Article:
Of course, a republic will not survive, either, if its forces are unable to suppress insurrections. And if the outcome of that suppression begins to look in jeopardy, the temptation will become great for the government to reach for more and more force—against the rebels and against its own people whom it suspects of failing to support its efforts—until it begins to look less like a republic and more like a dictatorship. And the Lincoln administration did, in fact, resort to means that caused indignant accusations of dictatorship. Lincoln suspended the operation of the writ of habeas corpus (which protects citizens from arrest and detention without trial). He signed legislation (the Confiscation Acts of 1861 and 1862) that permitted the confiscation of property belonging to rebels and rebel sympathizers. He decreed the emancipation of the South’s slaves. His armies destroyed property, interfered with elections, silenced and imprisoned dissenters, and closed down newspapers.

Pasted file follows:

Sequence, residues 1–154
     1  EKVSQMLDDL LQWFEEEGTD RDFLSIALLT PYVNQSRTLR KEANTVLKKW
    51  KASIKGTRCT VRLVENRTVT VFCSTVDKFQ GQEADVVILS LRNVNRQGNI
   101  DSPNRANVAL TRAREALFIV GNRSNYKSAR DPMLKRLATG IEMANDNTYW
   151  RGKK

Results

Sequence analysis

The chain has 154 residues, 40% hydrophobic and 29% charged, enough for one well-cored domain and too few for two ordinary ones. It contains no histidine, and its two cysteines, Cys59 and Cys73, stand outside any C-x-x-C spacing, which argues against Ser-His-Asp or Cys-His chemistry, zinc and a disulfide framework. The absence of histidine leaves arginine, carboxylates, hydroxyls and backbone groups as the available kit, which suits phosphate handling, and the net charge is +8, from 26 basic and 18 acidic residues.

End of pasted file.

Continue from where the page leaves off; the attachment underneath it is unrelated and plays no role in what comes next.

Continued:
But many of these examples are isolated, or else easy to misconstrue. The Constitution actually does authorize the suspension of habeas corpus in times of rebellion or national emergency. As Lincoln said in his July 4, 1861, message to Congress: “To state the question more directly, are all the laws, but one, to go unexecuted, and the government itself go to pieces, lest that one be violated?” The Confiscation Acts were sparingly enforced, and the confiscations eventually were reversed by the federal courts. The federal courts themselves remained open, and so did Congress and the legislatures of the states, even when those legislatures were bitterly critical of Lincoln. His Emancipation Proclamation was issued on the strength of his constitutional role as commander in chief, as a “military necessity,” and he did not free the slaves in the border states because there was no military necessity involved that would justify it. The total number of arrests under his administration (which included blockade runners and guerrilla fighters) amounted to little more than 14,000 out of a Union population of 22 million.